Dancing Between the Party Lines

When it comes to politics, it seems that I have to watch where I step when it comes to forming a concrete opinion as to whether I am for one major party or the other. You see, I was raised a “Republican” because my father was in “big business”, and I never really questioned the reasoning of why my family identified themselves with that political party. I remembered my mother scoffing at the free lunch program material sent home by my school (which I happened to think was a great deal), saying we would never qualify.
So, I, too, started voting Republican at 18 and in the 80s when the economy was doing well, under “Reaganomics”, I got a degree in finance, got a job, got married, had a child, and things were going great, until, wham! Our second child was born. Not only was he born, he had problems. Not your general, run-of-the-mill boy problems, but ones that required early intervention services from the state, paid for by the state, and medical expenses covered by the state because of his two rare disorders.
At first, I was embarrassed to tell my parents my son was on Medicaid, that through a state-run program we had certificates for food for his nutritional needs, and that we were applying for funds to cover respite care. However, as we were paying co-pay after co-pay and especially after knowing he had racked up over $220,000 in medical expenses his first month of existence, there was always the threat that he would have a life-threatening emergency that would amount to the same type of expenses. Since he still needed professional intervention above what the state was covering, we were increasingly getting into major debt.
The state we were living in didn’t take into account the parents’ financial status when applying for Medicaid — it was a great help. However, I felt that why does financial help favor the underprivileged and the poor? Why does my disposable income have to be spent on medical bills? Don’t the politicians who make these laws consider the fact that disabled children are born into families regardless of financial situation? In fact, I had a one in 10-20 million chance of having a child with these two disorders. There is no other documented case of this occurring, worldwide. Lucky me. However, I love my child and will do whatever is necessary for him to maximize his potential, even if it meant sacrificing my own health.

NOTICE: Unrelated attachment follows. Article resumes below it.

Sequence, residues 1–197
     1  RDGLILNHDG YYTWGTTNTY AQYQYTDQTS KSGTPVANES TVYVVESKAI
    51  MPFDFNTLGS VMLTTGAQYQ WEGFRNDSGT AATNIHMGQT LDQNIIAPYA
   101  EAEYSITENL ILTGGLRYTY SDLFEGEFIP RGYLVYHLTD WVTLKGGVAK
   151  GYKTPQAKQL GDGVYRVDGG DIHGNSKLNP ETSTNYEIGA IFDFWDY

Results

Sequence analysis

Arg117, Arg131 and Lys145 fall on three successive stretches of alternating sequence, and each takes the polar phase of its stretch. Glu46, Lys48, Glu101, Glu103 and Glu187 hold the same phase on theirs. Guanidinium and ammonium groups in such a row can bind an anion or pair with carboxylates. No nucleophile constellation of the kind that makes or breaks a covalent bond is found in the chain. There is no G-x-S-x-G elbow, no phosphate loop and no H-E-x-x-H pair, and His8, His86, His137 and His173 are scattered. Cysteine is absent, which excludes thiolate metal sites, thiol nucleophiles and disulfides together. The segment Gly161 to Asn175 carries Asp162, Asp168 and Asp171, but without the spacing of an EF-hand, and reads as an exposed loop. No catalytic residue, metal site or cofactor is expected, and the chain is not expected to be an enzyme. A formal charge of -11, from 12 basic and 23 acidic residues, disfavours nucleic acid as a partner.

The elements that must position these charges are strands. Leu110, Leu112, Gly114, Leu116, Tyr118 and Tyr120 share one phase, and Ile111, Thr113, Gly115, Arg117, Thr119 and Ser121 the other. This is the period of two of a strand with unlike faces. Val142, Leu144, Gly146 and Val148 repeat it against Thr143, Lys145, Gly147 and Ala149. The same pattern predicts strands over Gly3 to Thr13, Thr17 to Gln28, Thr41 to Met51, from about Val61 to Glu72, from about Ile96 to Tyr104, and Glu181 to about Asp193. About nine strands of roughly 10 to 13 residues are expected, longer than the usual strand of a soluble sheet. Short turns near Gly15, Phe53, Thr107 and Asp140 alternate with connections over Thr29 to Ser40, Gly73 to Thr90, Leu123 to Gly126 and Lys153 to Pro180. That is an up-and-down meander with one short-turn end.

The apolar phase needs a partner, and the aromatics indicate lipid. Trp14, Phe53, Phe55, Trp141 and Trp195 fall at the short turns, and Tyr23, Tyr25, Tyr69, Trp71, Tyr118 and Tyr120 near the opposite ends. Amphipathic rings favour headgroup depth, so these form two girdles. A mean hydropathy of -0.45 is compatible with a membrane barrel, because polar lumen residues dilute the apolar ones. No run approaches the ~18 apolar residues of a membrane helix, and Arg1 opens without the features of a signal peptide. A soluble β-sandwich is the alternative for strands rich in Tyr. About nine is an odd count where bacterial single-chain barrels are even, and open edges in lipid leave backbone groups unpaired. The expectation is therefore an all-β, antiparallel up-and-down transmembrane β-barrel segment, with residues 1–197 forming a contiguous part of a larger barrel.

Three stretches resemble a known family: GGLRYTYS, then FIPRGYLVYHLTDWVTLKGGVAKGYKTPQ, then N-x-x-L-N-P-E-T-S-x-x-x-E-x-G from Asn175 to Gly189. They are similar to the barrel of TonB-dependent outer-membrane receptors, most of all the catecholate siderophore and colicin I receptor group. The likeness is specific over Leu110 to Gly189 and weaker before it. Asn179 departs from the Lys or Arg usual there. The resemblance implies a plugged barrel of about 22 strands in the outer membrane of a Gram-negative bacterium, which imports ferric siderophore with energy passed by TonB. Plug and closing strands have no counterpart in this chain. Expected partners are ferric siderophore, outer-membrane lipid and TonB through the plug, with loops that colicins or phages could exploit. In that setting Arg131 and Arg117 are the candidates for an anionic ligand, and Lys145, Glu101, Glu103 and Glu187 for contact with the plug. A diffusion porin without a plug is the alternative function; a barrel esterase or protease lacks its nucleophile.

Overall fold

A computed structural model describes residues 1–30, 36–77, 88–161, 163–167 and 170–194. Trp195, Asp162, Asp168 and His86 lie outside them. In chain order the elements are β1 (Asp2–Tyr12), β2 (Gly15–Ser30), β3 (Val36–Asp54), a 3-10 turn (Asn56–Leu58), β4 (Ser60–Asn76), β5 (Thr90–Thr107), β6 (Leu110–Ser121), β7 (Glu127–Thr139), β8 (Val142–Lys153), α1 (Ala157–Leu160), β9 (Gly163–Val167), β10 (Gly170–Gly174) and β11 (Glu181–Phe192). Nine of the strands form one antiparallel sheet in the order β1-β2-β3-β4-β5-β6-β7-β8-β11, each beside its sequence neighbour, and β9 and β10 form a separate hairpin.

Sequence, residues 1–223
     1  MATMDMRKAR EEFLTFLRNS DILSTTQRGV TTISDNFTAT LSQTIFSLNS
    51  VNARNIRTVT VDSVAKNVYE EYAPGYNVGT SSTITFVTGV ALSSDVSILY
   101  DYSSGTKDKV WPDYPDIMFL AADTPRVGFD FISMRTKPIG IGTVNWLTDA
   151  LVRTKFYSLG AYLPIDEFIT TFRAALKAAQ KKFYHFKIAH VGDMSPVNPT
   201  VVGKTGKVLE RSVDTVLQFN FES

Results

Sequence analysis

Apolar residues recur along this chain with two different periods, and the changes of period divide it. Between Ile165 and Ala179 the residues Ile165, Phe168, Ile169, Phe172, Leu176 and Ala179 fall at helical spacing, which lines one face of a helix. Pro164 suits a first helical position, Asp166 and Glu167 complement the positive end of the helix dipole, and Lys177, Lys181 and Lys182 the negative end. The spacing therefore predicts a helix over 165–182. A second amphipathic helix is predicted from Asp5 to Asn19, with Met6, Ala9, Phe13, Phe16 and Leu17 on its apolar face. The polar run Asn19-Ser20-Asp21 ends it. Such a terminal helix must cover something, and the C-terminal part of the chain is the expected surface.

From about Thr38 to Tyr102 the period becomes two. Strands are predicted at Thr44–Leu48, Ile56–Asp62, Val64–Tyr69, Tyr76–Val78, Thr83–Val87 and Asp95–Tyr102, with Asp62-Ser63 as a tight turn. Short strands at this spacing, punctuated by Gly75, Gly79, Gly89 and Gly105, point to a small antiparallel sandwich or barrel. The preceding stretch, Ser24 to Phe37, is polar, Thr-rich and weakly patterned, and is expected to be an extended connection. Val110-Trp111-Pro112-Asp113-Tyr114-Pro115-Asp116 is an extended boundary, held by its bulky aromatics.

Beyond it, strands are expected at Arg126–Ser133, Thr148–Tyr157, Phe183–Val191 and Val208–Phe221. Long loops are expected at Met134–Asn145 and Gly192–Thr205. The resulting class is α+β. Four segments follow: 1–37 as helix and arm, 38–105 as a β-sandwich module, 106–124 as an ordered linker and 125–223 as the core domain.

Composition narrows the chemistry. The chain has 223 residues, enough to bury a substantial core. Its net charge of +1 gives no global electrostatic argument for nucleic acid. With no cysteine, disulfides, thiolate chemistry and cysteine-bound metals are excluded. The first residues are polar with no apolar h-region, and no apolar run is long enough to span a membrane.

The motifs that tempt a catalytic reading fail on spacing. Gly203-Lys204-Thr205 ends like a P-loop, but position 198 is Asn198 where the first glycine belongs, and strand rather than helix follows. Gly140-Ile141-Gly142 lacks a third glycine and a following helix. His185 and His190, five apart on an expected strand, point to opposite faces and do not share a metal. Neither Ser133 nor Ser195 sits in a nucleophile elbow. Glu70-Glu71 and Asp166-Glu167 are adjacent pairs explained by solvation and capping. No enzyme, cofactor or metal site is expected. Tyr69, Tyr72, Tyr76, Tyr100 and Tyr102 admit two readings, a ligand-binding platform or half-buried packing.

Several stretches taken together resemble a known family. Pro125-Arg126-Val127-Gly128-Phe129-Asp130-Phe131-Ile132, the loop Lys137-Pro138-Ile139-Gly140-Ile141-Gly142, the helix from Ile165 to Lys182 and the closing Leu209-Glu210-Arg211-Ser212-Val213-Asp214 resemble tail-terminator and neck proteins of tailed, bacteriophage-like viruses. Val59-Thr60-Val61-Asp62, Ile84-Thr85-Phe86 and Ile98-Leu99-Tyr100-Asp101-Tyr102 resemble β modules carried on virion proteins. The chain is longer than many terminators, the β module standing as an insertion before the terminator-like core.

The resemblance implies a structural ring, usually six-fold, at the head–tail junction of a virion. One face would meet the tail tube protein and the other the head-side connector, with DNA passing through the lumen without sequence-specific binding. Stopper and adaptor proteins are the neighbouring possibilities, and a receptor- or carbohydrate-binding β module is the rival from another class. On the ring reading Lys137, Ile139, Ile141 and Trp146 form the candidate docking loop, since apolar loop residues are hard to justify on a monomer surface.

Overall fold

A few years later, a former high school classmate and I were talking when a subject came up where he expressed a view that I did not exactly agree with. It happened to fall along a certain liberal point of view. An awkward silence came between us and he stated, in shocking disbelief, “Oh my God, are you a REPUBLICAN!?” The word was almost spat through the phone. I tried to give an answer, but assuming nothing would satisfy him, I changed the subject. Yet, I knew he was deeply disturbed that he felt that I somehow betrayed him by not immediately protesting that I was not a Republican.
When dancing around the line of political affiliation, as a parent I see the Republican Party, in general, pushing “Right to Life” issues (usually a lot of men making grand speeches), and I am okay with that position. However, I see the Democrats, who seem to support the “Woman’s Right to Choose”, i.e., abortion, supporting early intervention programs, IDEA, school accountability programs, after-school programs, young parent programs, and programs for the disabled. Without the funds for these programs we were able to access in our circumstance, our son would not have been doing as well as he is now.
So, before state legislators start banning abortions due to political party pressure, families will be affected in more ways than one. If you personally believe in the right to life, you should also believe in the right to quality of life, and be ready to support programs that enhance all who come into this world challenged, alive, but able. Otherwise, you, too, will be dancing between the two parties’ positions when it comes to meeting the needs of any child.